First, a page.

Memorandum by the Secretary of State to the President 1
- Development of Rapprochement with Argentina
In response to your memorandum2 on our relations with Argentina, it is my general feeling that if improvements continue at the present pace—and if we can avoid any setback—matters are developing about as favorably as we could reasonably expect. While the attached paper summarizes recent advances, if you should wish to discuss our Argentine relations further I should be glad to do so at your convenience. Despite Peron’s present friendliness, we should not be altogether surprised if he should fly off on another anti-American tangent.
I agree that Peron’s disinclination to restore the newspaper La Prensa to its former owner (whom he considers to symbolize the feudal economic and social structure which he has tried to reform), and the tenacious interest of the U.S. press in this matter will delay any real public acceptance of Peron in this country. The New York Times has been particularly critical and the United Press, partly because of its important financial connections with La Prensa’s previous owner, has apparently spearheaded the drive for restoration of the paper. For his part, Peron’s position, firmly and publicly stated, is that he will never return La Prensa. Since it now belongs to the Argentine General Confederation of Labor, which numbers 5 million members, he would probably find it difficult to reverse himself even if he wished to do so. I am hopeful that if Peron continues on his present conciliatory course, American public opinion will gradually become more friendly to him.[Page 451]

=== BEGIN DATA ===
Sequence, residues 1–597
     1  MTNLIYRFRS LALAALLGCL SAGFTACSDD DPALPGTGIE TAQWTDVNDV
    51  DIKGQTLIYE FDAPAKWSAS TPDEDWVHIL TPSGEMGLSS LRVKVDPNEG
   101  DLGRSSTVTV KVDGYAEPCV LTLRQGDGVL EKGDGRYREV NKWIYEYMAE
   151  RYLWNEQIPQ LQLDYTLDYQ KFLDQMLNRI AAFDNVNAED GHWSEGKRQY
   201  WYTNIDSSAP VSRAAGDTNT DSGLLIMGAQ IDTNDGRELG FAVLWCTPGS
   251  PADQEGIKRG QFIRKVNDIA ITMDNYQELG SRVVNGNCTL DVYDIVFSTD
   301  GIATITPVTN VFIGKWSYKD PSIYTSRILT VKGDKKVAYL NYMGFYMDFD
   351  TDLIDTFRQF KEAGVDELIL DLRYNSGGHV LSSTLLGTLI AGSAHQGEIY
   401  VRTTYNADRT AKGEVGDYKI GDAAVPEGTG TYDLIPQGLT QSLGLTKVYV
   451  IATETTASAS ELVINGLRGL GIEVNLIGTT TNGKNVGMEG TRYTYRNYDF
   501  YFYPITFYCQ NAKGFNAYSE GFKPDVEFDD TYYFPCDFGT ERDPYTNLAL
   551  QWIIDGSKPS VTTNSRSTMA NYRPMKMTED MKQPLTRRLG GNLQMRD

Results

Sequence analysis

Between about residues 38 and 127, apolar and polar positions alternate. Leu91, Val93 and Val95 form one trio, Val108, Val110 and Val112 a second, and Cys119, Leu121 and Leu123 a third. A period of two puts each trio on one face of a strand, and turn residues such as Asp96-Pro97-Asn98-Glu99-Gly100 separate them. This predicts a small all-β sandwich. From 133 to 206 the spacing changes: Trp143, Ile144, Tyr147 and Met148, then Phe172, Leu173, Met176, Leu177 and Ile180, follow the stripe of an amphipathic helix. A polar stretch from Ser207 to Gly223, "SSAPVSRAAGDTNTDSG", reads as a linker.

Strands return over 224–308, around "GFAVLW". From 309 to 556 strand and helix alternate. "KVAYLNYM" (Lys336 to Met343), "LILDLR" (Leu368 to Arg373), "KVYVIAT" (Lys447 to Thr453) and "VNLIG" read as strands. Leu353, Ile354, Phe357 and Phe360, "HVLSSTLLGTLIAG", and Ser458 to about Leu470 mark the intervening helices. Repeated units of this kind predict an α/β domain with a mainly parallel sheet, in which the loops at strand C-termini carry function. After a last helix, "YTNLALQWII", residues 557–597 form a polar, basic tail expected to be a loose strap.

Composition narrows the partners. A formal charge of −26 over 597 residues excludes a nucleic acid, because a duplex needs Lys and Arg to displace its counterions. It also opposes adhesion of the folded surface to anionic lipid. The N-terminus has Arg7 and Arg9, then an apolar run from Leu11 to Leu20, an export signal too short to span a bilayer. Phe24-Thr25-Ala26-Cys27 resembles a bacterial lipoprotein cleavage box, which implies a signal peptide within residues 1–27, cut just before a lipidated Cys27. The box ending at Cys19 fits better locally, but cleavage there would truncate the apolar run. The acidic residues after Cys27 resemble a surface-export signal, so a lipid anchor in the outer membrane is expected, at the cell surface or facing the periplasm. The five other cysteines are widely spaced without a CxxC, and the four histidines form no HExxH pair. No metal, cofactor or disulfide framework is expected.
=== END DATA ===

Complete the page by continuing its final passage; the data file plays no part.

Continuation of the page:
Peron’s suspicion that the U.S. Government was secretly working against him and inspiring press attacks was apparently finally allayed only with the general clearing of the atmosphere which resulted from Dr. Eisenhower’s visit to Argentina last summer. I fear that this new and, I hope, sincere confidence of Peron in our intentions would be undermined and possibly destroyed if we were to indicate in any way that we considered the La Prensa case a fit subject for official U.S. advice or discussions—particularly in view of our policy and commitments against intervention in the internal affairs of the other American nations.
To my knowledge, there are at present no significant restrictions on the travel of U.S. citizens within Argentina, although there are limitations on the travel to Uruguay of residents of Argentina, including U.S. citizens. Our Embassy in Buenos Aires has been able to secure exceptions to these controls in particular cases.